The evening before I was to leave, Quddus and an artist named Rashid took me out for dinner to a hip place where the waiters were dressed as cowboys. The servers attempted to be gruff, banging mugs on the table while serving drinks, but their forced impoliteness was somewhat at odds with the spiffy decor which included monitors embedded in the wall next to each table, playing music videos. The drinks, moreover, were not alcoholic, further distancing the restaurant from the wild west. Since liquor is more or less prohibited in eating houses in Pakistan, outside of luxury hotels, the serious partying happens in private homes. Rashid said I had to visit for Basant, when there was kite flying during the day and revelry in the evening. I had found Lahore an extremely convivial town, and said I'd be happy to return some year in February or early March. Unfortunately, the Punjab government banned kite flying soon after, ostensibly on safety grounds.
Before we drove to the cowboy eatery, we had visited the home of two artists, one of whom was moving to Delhi later that year. She asked if I'd take some of her books over, and I readily agreed since I had little luggage of my own. On my way to the airport, I stopped at Beaconhouse university, where she taught in the art school. It was a different world, full of boys and girls in tight T-shirts and jeans, the sort of clothes never seen on Lahore's streets.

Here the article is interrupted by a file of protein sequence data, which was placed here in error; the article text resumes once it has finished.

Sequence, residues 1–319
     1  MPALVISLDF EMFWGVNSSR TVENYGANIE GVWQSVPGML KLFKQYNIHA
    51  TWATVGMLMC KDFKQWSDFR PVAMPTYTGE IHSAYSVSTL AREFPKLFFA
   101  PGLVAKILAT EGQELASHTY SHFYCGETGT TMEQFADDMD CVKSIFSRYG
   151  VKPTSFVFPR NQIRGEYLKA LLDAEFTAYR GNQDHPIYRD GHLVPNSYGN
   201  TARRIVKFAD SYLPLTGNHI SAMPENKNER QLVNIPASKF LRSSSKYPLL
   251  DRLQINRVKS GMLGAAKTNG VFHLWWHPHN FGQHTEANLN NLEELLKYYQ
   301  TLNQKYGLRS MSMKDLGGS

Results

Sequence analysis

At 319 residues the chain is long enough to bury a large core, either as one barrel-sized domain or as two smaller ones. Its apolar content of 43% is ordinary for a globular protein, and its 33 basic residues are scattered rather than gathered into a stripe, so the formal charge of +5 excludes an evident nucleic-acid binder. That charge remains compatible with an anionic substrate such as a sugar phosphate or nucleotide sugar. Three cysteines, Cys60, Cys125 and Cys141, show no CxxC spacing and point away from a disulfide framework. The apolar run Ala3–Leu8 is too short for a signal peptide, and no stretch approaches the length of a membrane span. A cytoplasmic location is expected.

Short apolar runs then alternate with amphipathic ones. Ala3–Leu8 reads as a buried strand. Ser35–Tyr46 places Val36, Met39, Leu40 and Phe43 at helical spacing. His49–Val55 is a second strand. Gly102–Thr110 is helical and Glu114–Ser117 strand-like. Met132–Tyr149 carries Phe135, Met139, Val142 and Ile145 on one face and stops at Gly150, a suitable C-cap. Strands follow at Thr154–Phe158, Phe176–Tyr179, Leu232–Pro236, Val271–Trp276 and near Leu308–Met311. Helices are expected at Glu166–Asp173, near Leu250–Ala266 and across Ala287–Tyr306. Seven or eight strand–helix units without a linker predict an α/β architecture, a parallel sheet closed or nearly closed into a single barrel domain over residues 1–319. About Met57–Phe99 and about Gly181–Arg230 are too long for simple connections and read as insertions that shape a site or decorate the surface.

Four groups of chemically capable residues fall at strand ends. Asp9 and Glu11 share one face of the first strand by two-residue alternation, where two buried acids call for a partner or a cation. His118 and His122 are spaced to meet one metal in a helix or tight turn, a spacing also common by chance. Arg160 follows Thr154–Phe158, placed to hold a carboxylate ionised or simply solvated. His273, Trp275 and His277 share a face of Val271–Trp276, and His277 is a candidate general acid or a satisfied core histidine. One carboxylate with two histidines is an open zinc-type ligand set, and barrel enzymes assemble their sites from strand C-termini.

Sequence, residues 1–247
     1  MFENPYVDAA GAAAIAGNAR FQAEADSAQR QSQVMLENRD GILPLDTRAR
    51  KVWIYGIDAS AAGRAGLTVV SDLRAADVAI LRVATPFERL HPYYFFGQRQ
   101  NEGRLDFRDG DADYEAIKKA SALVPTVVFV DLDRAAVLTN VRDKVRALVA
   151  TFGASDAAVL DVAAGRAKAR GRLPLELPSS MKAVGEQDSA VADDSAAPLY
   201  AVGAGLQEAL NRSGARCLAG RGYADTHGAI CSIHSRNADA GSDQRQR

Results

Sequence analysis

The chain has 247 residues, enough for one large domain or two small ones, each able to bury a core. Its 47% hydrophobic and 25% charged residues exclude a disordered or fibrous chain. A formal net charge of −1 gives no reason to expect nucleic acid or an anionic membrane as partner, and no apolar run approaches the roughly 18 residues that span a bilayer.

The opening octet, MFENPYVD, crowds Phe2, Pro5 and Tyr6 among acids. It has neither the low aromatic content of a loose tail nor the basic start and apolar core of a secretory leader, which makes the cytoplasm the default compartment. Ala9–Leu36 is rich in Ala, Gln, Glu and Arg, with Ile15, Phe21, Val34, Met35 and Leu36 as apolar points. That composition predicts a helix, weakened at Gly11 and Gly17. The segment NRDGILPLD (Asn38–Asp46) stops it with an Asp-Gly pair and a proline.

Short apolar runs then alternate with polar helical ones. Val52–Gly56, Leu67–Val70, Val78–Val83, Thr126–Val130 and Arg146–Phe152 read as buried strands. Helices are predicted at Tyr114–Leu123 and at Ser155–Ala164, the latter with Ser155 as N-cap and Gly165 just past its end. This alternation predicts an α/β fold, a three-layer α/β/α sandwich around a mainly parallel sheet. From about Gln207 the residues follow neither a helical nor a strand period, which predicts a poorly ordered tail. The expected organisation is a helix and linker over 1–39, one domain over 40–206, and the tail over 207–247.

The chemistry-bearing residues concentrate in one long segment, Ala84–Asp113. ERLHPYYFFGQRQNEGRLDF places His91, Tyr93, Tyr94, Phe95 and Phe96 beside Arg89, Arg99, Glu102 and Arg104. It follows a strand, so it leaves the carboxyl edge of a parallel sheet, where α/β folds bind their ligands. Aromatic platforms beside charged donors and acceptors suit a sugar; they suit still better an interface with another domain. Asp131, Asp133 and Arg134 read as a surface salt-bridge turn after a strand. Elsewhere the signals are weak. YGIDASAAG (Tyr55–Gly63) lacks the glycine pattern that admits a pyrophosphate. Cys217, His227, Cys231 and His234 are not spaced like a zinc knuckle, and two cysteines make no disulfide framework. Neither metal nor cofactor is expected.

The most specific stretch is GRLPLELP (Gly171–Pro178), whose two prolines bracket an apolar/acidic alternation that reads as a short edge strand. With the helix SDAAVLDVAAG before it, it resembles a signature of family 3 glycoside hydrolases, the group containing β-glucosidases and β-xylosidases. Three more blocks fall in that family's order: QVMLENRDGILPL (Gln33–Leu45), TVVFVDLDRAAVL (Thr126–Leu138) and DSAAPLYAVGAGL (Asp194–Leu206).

At the airport I was surprised (OK, shocked) to find luggage inspections being directed by two white men. My carton of books was suspicious enough for one of them to handle it personally. As he swirled a high tech form of litmus paper around the box, he asked questions in a Brit accent. After answering, I asked what people like him were doing in charge of Pakistani airport security? "It's a collaboration between our two governments", he said pleasantly. "Collaboration? So are a few Pakistanis flying out to take charge of security at Heathrow, then?" His expression darkened. We have a wise guy here, I could see him think. But he said nothing, just pointed me to a counter where my carton could be resealed.